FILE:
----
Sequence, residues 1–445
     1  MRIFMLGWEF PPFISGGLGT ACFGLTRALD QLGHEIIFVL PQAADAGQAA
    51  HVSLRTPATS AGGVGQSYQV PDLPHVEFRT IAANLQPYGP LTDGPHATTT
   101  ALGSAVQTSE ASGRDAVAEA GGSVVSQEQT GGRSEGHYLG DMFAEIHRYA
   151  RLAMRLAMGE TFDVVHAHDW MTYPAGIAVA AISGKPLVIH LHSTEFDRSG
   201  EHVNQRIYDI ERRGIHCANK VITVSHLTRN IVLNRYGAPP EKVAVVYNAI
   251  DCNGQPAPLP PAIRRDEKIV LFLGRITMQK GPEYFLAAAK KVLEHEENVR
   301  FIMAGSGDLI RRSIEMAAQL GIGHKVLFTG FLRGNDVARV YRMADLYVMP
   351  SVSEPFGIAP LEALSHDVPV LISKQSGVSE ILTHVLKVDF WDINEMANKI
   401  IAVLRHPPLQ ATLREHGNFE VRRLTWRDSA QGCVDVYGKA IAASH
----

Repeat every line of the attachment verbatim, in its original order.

Sequence, residues 1–445
     1  MRIFMLGWEF PPFISGGLGT ACFGLTRALD QLGHEIIFVL PQAADAGQAA
    51  HVSLRTPATS AGGVGQSYQV PDLPHVEFRT IAANLQPYGP LTDGPHATTT
   101  ALGSAVQTSE ASGRDAVAEA GGSVVSQEQT GGRSEGHYLG DMFAEIHRYA
   151  RLAMRLAMGE TFDVVHAHDW MTYPAGIAVA AISGKPLVIH LHSTEFDRSG
   201  EHVNQRIYDI ERRGIHCANK VITVSHLTRN IVLNRYGAPP EKVAVVYNAI
   251  DCNGQPAPLP PAIRRDEKIV LFLGRITMQK GPEYFLAAAK KVLEHEENVR
   301  FIMAGSGDLI RRSIEMAAQL GIGHKVLFTG FLRGNDVARV YRMADLYVMP
   351  SVSEPFGIAP LEALSHDVPV LISKQSGVSE ILTHVLKVDF WDINEMANKI
   401  IAVLRHPPLQ ATLREHGNFE VRRLTWRDSA QGCVDVYGKA IAASH